mornings for a portrait artist in order to make some cash, and you’ve begun
teaching on two weekday afternoons after work and before rehearsal.
Forget about your dishes, we’re way beyond them now! Have
you seen your car? Your apartment? Where is the calm space you so crave at
home? How about that outstanding parking ticket you need to dispute at the
Berkeley parking office? And the fellowship meetings you are barely attending and
the crispy, crackling nature of your office interactions right now?
Is it fair to say that you’ve got a few things on your
plate… AND that you’re not taking the normal care of yourself that’s necessary
for your health? Is it true that you’ve been feeling tired and coming down with
something?
Something’s got to give, my friend, and I don’t want it to
be you.
Yes, I know this is an uncertain and shifting time, and your
home is always a reflection of your mental state. I know it feels like there’s
no time for meetings, but doesn’t there have to be? It’s terribly uncomfortable for you and those around you when
you’re this wound up.
However, I do want to come back to say, I am writing all
this because I am in support of you. I
want you to achieve your best in all you do. I just want to remind you to set
first things first. Weekends, which have been your farmers market and cooking-for-the-week days, as well as nesting and organizing days, have been robbed by
all this new work.
Maybe — and I’m just throwing this out there — you tell the
artist you can’t sit with him until after your show opens? I mean, the worst he
can say is no, right? Maybe you ask a friend to help you with the enormous
bookcase you inherited from your upstairs neighbor that’s been standing, disassembled, in the
center of your apartment for a week? Maybe you really schedule that time to go
to the parking office, and don’t blow it off this time because you’re running
late for work?
Look, the bottom line is you’re in a huge amount of
transition right now. You’re taking a leap of faith that you’ll land somewhere
new and different than where you’ve been. You’re doing this to support your
art, and to support the idea that you have more to give to the world than a
well-crafted spreadsheet. I am in awe of you for taking the risk.
In truth, both ways are risky: to stay is a risk to sanity,
to leave is a risk to livelihood. But, I do have faith that things will turn
out well for you (Yesterday’s interview was promising & the second interview is set.). You are doing all the right things… you’re just not leaving
time for the rest of the “right things,” and that’s where I’m concerned.
So, take a minute to consider my suggestions. See if you can
come up with your own solutions, and talk to your friends to help you through
this quite chaotic but exciting time.
As a friend once said, The only difference between anxiety
and excitement is breathing.
So, breathe, Molly. And I’ll see you when you land, safely.
Yours, 

alcoholism · change · clarity · trauma · travel

Oh, The Places You’ll Go!

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October marks 10 years since I left New Jersey to teach
English in South Korea for 18 months. Having barely finished the icing on my 23rd birthday
cake, I rolled my newly purchased suitcases onto a JFK flight and was off to I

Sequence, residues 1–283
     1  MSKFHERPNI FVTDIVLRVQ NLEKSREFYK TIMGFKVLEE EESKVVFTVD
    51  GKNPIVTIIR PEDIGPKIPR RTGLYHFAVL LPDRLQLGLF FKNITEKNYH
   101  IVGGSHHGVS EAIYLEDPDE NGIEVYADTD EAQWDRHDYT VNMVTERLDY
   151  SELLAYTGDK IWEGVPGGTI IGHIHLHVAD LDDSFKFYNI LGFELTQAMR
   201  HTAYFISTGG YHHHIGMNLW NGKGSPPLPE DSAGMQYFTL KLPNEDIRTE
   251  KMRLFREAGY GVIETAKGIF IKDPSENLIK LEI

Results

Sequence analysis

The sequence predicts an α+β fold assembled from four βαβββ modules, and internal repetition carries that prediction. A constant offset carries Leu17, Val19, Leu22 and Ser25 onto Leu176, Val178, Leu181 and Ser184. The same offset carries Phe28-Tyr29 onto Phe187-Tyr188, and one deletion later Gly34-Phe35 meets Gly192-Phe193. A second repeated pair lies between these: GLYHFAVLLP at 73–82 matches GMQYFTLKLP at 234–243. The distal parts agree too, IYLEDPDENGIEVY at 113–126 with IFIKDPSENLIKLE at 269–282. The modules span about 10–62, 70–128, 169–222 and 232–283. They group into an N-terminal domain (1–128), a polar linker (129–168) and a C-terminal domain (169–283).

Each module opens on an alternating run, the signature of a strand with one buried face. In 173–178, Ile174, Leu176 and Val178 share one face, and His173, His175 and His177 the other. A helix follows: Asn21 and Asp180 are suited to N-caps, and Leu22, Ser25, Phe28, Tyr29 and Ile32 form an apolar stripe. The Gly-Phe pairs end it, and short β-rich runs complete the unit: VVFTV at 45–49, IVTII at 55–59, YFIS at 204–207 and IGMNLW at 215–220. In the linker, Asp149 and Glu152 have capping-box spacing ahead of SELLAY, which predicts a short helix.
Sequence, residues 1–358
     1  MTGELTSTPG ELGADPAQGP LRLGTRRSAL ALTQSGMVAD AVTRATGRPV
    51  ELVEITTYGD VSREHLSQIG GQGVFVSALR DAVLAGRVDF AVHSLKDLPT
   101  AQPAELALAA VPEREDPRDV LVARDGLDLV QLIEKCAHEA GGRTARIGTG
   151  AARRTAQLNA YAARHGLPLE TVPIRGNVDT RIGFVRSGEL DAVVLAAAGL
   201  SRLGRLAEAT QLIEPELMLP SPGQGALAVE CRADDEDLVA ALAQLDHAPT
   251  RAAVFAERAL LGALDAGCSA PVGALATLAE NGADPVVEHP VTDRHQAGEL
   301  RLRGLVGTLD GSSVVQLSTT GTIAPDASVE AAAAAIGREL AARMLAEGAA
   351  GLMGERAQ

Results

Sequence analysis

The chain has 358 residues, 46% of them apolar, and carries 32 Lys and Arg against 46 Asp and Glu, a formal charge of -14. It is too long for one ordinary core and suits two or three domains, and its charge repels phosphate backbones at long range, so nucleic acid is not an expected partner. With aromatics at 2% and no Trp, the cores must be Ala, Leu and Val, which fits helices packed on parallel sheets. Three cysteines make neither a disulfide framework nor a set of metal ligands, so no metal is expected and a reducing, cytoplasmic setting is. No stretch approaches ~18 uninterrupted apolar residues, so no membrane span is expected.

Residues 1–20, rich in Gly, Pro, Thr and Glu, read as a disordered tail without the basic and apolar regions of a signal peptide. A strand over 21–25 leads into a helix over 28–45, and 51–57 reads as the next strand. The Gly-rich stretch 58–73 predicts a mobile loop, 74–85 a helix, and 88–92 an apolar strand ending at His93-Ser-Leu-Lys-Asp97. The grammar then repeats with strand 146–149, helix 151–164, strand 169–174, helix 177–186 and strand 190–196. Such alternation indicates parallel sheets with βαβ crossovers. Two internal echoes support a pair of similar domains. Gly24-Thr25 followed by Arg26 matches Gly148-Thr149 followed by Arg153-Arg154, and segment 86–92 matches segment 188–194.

didn’t know where.
The process felt almost instantaneous – register with an ESL
teaching recruitment site; have an informational call with them (when they told
me you’d make more money in Korea than, say, Thailand or Taiwan); have an
evening interview call with a pre-school in a town on the outskirts of Seoul on
Tuesday; board a plane on Friday.
I didn’t know what I was getting into, and despite all the
good parts, the landing was a difficult one. If I did have it all to do again,
my life to live over again, I wouldn’t have gone.
I know people say not to regret things, and that each
experience was for learning, and certainly this one was: I met great people,
had unusual experiences, got to travel to places I’d likely never have been and
endear myself to a classroom of wide expectant faces.
But. It was not easy. And, yes, if I could do it again, I
wouldn’t go. I was too fragile when I went. I was too lost to be uprooted. Yet, I
don’t know what would have happened if I’d stayed. Korea was where I eeked
along the bottom of an alcoholic lifestyle, and I’ve often said that if I
hadn’t been in Korea, where there was little access to drugs, and mainly only
to booze… that if I’d still been in the States and on the trajectory I was on,
things could have gone a much different way.
As bad as alcoholism is, add drugs into the mix, and it
quickly becomes a 4-alarm fire.
That said. It was rough. There was a half-hearted suicide
attempt, gang rape, alcoholic stupors. There was racism and sexism and a
feeling of alienation from everything you recognize.
There were antidotes, or places of brightness, for sure. I
met some of my best friends there, ones who I’m still in regular touch with. I
dated a very charismatic Canadian who went on to work for the U.N., who’d put me
and my coworker up at his great aunt’s place in the orangutan paddock in a zoo
in Jakarta, Indonesia. I hiked up ancient Buddhist and Hindu temples; ate dog
stew, which was actually very good; planted my feet in the Pacific Ocean for the first time.
I traveled to Osaka, Japan to renew my work visa and still
remember the glint of the flat rooftops outside the city as the train barreled us